State Rep. Dan Frankel (D., Allegheny) said the ban was needed to end "the last vestige of legal discrimination in Pennsylvania - discrimination based on an individual's sexual orientation or gender identity or expression." Laws already ban discrimination based on race, religion, or gender.
As if to remind people that Pennsylvania's social conservatives are alive and well, Rep. Daryl Metcalfe (R., Butler) - in whose committee the antidiscrimination bill would be considered - reintroduced a bill of his own Tuesday: a constitutional "marriage protection" amendment.
"The definition of marriage as 'the union of one man and one woman,' defended and upheld by this legislation, is the traditional definition of marriage that has been recognized and accepted throughout history and the world for centuries," said Metcalfe, who sponsored a similar bill that passed the House in 2006. "Neither homosexual special interests gathered under the immoral umbrella of the ACLU, nor the Obama administration's Department of Justice or any activist court should decide this critical issue for our commonwealth."
The amendment would have to pass in two consecutive legislative sessions and be approved by a voter referendum. Thirty-one states have approved similar amendments.
Emboldened gay-rights supporters lashed out at Metcalfe's bill and issued a news release pointing to its shorter list of cosponsors - 27, all Republicans. "The 'marriage amendment' is unneeded and unwanted, and more legislators are realizing this," Frankel contended.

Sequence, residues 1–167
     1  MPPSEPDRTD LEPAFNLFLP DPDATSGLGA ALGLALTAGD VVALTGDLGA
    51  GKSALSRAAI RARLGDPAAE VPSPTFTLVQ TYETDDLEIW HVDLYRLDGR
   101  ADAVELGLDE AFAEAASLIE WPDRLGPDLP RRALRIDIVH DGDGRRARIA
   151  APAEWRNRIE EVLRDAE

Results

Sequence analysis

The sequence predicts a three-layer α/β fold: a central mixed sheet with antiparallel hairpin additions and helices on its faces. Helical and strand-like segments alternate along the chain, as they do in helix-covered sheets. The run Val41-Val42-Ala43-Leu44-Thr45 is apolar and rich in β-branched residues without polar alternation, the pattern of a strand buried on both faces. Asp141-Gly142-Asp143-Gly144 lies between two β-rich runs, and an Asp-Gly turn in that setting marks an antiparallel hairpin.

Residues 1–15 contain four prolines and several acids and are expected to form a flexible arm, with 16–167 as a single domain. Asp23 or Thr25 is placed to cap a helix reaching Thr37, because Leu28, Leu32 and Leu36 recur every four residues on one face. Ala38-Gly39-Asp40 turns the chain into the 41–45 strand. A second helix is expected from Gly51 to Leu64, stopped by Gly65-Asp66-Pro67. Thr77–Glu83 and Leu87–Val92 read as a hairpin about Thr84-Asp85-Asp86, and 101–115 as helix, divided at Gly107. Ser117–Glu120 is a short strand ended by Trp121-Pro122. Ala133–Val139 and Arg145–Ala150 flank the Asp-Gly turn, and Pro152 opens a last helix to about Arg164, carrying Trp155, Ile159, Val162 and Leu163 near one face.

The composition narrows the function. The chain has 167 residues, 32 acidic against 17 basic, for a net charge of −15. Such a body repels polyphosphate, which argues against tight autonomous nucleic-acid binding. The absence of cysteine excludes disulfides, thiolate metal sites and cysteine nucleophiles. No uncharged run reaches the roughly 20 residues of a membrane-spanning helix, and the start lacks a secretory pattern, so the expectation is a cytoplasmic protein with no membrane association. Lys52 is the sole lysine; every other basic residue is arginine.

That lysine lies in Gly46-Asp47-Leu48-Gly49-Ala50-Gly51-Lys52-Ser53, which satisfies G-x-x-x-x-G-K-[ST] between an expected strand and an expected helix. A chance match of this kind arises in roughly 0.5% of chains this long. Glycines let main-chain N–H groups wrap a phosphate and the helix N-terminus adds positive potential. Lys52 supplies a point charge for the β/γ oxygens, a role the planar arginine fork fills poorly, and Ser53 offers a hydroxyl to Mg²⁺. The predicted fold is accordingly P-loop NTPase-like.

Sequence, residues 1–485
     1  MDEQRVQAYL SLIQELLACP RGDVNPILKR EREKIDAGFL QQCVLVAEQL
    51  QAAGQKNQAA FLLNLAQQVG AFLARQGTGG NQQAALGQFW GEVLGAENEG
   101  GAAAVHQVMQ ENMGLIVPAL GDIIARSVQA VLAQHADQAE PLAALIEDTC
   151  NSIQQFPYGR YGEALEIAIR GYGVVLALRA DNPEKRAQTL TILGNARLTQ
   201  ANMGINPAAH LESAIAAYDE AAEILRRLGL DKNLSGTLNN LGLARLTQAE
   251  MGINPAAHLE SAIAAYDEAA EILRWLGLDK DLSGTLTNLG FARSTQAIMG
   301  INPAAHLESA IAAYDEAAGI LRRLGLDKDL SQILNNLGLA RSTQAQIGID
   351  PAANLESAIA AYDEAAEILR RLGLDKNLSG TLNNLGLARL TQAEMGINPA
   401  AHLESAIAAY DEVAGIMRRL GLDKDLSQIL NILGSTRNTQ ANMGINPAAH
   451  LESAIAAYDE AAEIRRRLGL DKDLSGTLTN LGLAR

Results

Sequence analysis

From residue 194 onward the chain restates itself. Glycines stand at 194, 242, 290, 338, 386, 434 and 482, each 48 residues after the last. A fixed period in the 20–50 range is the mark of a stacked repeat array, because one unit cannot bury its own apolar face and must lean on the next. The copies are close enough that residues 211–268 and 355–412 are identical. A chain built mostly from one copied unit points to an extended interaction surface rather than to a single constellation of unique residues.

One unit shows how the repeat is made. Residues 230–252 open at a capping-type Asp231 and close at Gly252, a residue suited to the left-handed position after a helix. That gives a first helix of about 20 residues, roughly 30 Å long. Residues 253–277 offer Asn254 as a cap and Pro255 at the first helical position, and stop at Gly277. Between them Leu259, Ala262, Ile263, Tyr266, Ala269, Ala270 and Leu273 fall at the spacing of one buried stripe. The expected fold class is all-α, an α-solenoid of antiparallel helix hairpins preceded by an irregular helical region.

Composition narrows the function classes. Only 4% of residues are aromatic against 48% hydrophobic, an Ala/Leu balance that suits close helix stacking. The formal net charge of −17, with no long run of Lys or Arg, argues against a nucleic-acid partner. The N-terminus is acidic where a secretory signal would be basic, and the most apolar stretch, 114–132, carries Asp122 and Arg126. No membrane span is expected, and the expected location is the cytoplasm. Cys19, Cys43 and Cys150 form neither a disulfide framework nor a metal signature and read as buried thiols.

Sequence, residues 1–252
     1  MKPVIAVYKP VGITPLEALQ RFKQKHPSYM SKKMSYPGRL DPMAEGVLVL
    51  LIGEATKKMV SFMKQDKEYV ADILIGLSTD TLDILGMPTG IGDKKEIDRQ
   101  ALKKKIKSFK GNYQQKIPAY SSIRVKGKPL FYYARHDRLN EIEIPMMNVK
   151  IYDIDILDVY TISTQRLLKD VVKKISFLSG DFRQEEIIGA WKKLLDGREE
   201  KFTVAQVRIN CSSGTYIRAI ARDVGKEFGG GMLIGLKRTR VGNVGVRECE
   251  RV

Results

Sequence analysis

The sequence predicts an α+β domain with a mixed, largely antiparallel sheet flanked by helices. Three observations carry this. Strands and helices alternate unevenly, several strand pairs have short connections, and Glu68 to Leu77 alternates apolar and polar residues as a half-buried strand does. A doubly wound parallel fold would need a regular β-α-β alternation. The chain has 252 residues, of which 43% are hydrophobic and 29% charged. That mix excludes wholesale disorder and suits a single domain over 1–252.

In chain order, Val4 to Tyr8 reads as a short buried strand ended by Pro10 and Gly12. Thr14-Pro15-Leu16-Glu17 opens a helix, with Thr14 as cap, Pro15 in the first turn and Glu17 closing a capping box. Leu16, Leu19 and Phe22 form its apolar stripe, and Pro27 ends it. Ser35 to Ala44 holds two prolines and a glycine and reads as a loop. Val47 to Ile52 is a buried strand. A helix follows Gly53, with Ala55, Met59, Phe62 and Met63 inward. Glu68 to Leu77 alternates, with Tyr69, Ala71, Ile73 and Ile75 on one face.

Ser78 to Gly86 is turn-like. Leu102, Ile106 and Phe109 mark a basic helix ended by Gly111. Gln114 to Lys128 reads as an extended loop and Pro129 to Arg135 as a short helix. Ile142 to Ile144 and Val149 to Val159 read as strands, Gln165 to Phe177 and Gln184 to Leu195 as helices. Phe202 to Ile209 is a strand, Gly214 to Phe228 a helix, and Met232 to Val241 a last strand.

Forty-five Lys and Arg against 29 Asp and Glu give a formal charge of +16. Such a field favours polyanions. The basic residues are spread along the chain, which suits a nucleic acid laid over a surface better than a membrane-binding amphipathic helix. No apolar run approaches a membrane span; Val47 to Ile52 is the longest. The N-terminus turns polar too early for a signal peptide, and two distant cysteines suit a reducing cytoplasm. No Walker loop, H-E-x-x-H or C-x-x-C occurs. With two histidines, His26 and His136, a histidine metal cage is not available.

For his part, Metcalfe vowed to defeat the antidiscrimination bill in his committee. "I think it's shocking that people want to force government to recognize through policy their sexual desires and put it into law," he said.
A recent Susquehanna Poll found growing statewide support - over 60 percent - for the antibias measures contained in the bill.
At a news conference attended by at least 20 legislators, union representatives, and faith and business leaders, Rep. Brian K. Sims (D., Phila.) called the bill's introduction historic. Sims is one of the state's first two openly gay lawmakers. The other, Rep. Mike Fleck (R., Huntingdon), attended but did not speak.
"As a gay man, I know firsthand how important these protections are and how fundamental they are to the safety and security that so many Pennsylvanians take for granted," Sims said. "As a legislator, I see every day how the commonwealth is failing in its promise to treat all people with dignity, respect, and equality under the law."
Delaware OKs Gay Marriage
Delaware is the 11th state to allow same-sex marriage after a divided state Senate gave its approval Tuesday. Less than an hour after the 12-9 vote, Gov. Jack Markell signed the measure into law.
"I do not intend to make any of you wait one moment longer," Markell told about 200 supporters who erupted in cheers and applause after the Senate vote.
"I am elated," said Scott Forrest, 50, of Newark, who entered into a civil union last year with his partner of almost 21 years, Kevin.
The bill was introduced in the Democrat-controlled legislature barely a year after Delaware began recognizing same-sex civil unions. The bill won passage two weeks ago in the state House, 23-18.
No new civil unions will be performed after July 1, and existing civil unions will be converted to marriages over the next year.
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